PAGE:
Why do cells gorge themselves (Understanding the molecular mechanisms of chaperone mediated autophagy).

Lead Research Organisation: University of York
Department Name: Biology

Abstract

The fundamental cell processes that govern life begin to fail as we age resulting in diseases associated with old age such as cancer and neurodegeneration. One process that regulates cellular homeostasis is autophagy where cells 'eat themselves' to recycle nutrients and clear away unwanted proteins. This PhD project is specifically looking at a type of autophagy called chaperone mediated autophagy (CMA). The physiological function of CMA is to maintain energy homeostasis and protein quality control with CMA being important in neurodegeneration, cancer and aging. The project will take an inter-disciplinary approach where the molecular mechanisms of CMA will be investigated in the Pryor lab, who researches lysosomes, using mammalian cell culture and cell biology techniques (western blotting, molecular biology, confocal imaging, protein-protein interactions) and whole organism biology in the Sweeney lab, a Drosophila neurobiologist, using fruit flies to identify further the molecular components of CMA and the role of CMA in ageing.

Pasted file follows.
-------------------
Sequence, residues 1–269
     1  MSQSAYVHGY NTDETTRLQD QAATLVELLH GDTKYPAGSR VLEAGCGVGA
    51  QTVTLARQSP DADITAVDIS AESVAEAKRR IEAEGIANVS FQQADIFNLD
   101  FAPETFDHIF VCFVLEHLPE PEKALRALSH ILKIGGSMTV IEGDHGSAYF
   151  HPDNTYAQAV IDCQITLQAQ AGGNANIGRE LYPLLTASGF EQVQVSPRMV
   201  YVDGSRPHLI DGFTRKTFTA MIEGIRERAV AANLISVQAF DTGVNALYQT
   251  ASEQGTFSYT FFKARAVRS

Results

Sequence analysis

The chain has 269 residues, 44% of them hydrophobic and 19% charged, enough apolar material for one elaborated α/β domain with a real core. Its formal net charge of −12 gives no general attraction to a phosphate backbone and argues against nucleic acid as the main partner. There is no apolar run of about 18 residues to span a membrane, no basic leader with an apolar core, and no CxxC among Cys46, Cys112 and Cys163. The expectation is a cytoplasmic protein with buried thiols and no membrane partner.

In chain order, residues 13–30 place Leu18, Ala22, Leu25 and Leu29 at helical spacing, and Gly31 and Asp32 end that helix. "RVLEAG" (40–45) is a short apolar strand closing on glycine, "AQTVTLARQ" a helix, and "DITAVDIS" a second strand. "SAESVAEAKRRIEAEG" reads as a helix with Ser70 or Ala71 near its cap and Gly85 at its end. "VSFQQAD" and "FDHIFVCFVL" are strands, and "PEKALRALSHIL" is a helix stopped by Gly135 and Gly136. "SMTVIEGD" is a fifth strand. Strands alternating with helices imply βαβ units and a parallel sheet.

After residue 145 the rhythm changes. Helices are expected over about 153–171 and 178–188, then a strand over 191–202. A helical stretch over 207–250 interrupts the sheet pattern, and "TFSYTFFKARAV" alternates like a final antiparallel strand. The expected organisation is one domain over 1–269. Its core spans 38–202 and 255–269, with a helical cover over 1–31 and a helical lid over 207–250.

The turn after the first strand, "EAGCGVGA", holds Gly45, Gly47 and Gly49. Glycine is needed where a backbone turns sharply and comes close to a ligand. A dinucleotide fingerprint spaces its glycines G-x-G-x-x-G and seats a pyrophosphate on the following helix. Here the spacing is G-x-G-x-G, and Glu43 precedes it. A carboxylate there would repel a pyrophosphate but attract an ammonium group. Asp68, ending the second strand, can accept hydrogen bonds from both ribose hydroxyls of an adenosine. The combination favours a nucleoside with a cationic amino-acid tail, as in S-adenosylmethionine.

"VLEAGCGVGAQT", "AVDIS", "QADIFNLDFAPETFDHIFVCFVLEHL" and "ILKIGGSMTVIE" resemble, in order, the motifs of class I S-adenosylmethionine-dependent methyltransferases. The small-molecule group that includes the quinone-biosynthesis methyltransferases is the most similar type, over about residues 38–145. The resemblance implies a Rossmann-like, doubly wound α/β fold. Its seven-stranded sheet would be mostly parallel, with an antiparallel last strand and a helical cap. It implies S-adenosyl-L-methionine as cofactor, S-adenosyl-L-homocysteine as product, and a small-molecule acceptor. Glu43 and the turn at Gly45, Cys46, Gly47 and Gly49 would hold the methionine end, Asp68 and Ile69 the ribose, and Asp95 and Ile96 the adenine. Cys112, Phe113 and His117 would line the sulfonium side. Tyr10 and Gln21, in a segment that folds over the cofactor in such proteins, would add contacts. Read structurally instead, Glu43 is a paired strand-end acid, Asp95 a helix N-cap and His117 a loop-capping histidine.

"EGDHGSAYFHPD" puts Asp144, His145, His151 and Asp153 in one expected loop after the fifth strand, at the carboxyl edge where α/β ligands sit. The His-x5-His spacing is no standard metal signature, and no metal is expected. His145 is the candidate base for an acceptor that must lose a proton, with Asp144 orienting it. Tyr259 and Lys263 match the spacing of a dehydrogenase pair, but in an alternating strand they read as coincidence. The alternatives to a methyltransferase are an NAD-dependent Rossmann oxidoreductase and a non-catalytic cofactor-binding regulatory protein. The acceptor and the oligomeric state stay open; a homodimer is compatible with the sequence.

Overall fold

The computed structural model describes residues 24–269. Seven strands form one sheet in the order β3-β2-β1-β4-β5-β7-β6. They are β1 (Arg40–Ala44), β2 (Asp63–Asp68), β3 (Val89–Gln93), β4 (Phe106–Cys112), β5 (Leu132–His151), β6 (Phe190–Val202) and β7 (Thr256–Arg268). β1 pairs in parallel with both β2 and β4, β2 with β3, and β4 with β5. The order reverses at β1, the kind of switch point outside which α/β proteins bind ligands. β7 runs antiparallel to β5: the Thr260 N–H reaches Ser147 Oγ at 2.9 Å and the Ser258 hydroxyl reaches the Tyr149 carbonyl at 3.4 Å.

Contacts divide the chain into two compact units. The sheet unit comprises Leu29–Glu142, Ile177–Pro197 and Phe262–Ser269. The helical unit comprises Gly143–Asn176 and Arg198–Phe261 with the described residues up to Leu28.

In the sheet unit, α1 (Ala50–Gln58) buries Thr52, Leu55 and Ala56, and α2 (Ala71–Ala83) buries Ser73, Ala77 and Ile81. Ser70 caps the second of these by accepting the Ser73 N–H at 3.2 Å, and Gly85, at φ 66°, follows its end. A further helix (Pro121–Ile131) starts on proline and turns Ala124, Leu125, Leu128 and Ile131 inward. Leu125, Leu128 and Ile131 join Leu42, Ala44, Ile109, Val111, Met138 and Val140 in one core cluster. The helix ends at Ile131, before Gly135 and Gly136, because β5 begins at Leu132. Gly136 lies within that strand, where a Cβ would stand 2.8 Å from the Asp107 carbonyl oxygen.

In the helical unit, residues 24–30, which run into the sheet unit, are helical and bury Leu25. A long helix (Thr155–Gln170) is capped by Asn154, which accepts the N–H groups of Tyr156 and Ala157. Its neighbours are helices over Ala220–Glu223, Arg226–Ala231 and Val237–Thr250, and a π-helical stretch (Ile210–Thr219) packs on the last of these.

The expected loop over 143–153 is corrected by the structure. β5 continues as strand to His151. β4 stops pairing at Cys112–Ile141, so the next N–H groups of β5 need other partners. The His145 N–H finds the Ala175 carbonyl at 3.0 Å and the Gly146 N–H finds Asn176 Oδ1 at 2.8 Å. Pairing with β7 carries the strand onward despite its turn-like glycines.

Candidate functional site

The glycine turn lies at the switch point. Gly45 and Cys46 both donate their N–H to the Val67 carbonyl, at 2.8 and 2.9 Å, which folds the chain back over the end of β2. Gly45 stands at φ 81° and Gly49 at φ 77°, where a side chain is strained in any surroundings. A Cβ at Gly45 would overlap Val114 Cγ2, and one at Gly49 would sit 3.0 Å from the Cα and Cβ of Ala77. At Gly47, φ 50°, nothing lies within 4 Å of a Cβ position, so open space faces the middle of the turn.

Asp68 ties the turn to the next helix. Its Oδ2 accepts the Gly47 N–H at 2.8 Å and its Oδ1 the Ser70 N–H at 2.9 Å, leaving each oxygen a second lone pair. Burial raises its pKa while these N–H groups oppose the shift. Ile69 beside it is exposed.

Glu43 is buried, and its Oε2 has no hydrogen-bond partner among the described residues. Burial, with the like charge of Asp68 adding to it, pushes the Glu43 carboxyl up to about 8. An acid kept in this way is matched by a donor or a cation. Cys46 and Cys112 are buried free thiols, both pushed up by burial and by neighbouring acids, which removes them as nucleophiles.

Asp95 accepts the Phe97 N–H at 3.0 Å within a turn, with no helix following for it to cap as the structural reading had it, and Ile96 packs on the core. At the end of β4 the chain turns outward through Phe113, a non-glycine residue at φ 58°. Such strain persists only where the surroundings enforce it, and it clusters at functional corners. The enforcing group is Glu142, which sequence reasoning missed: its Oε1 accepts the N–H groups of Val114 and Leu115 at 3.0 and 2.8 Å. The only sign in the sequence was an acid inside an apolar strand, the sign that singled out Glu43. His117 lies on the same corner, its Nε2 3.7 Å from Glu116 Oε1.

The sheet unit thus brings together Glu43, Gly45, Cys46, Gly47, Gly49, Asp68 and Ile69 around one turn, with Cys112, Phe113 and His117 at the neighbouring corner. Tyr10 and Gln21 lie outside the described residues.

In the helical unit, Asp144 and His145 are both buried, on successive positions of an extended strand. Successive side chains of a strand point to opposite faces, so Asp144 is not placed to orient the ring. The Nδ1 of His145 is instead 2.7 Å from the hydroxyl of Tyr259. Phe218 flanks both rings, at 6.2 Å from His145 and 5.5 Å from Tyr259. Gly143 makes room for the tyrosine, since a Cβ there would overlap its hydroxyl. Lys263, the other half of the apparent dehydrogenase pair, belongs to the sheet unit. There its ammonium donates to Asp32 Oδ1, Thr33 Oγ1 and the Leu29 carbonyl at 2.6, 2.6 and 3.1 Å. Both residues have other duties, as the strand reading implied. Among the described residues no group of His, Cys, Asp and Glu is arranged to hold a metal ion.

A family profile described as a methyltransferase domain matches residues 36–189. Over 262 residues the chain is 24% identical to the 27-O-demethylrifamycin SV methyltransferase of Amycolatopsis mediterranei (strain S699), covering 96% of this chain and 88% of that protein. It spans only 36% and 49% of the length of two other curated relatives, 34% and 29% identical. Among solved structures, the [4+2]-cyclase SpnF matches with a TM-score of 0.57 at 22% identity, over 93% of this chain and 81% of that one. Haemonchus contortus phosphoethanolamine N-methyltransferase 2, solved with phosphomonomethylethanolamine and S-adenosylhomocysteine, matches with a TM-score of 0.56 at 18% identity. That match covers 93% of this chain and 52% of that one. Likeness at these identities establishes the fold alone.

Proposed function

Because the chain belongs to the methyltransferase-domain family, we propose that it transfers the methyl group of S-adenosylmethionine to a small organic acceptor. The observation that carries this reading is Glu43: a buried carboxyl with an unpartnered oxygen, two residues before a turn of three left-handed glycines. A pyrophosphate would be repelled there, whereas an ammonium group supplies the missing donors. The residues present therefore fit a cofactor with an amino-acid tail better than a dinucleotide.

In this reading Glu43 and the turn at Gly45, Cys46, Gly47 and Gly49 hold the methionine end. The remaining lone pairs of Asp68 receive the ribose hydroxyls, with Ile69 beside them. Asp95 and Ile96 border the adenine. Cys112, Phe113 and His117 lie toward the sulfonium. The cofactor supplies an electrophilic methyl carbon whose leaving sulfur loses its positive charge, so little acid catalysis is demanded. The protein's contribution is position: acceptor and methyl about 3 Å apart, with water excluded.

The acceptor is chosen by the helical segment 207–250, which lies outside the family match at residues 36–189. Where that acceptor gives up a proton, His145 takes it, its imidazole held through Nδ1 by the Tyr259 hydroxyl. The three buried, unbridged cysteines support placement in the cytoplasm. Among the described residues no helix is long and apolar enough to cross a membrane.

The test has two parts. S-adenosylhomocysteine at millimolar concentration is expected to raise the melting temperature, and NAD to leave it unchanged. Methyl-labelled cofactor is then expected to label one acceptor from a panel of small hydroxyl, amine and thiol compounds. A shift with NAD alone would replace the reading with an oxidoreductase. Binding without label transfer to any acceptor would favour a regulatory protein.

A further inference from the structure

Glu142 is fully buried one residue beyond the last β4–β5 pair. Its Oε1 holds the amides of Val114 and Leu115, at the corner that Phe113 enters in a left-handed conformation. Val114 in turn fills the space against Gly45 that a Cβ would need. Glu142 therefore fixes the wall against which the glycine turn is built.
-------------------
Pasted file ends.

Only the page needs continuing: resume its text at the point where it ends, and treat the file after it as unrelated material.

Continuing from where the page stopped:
Publications

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Studentship Projects

Project Reference Relationship Related To Start End Student Name
BB/M011151/1 30/09/2015 29/09/2023
1792461 Studentship BB/M011151/1 30/09/2016 30/08/2019 Kate Densley